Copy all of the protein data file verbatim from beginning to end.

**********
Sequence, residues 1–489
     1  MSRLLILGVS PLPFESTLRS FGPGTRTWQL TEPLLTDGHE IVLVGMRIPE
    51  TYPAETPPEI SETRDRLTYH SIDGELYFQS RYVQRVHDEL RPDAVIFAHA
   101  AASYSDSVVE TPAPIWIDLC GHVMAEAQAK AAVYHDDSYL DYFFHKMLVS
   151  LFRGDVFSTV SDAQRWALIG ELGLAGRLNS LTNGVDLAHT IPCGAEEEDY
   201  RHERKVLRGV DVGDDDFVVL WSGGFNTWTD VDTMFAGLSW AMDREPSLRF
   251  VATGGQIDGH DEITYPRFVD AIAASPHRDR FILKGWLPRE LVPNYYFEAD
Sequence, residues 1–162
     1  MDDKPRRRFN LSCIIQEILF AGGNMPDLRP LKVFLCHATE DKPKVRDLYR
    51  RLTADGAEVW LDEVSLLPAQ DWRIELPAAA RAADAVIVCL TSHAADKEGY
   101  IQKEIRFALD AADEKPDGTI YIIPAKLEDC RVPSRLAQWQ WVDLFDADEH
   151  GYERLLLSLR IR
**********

Sequence, residues 1–489
     1  MSRLLILGVS PLPFESTLRS FGPGTRTWQL TEPLLTDGHE IVLVGMRIPE
    51  TYPAETPPEI SETRDRLTYH SIDGELYFQS RYVQRVHDEL RPDAVIFAHA
   101  AASYSDSVVE TPAPIWIDLC GHVMAEAQAK AAVYHDDSYL DYFFHKMLVS
   151  LFRGDVFSTV SDAQRWALIG ELGLAGRLNS LTNGVDLAHT IPCGAEEEDY
   201  RHERKVLRGV DVGDDDFVVL WSGGFNTWTD VDTMFAGLSW AMDREPSLRF
   251  VATGGQIDGH DEITYPRFVD AIAASPHRDR FILKGWLPRE LVPNYYFEAD
Sequence, residues 1–162
     1  MDDKPRRRFN LSCIIQEILF AGGNMPDLRP LKVFLCHATE DKPKVRDLYR
    51  RLTADGAEVW LDEVSLLPAQ DWRIELPAAA RAADAVIVCL TSHAADKEGY
   101  IQKEIRFALD AADEKPDGTI YIIPAKLEDC RVPSRLAQWQ WVDLFDADEH
   151  GYERLLLSLR IR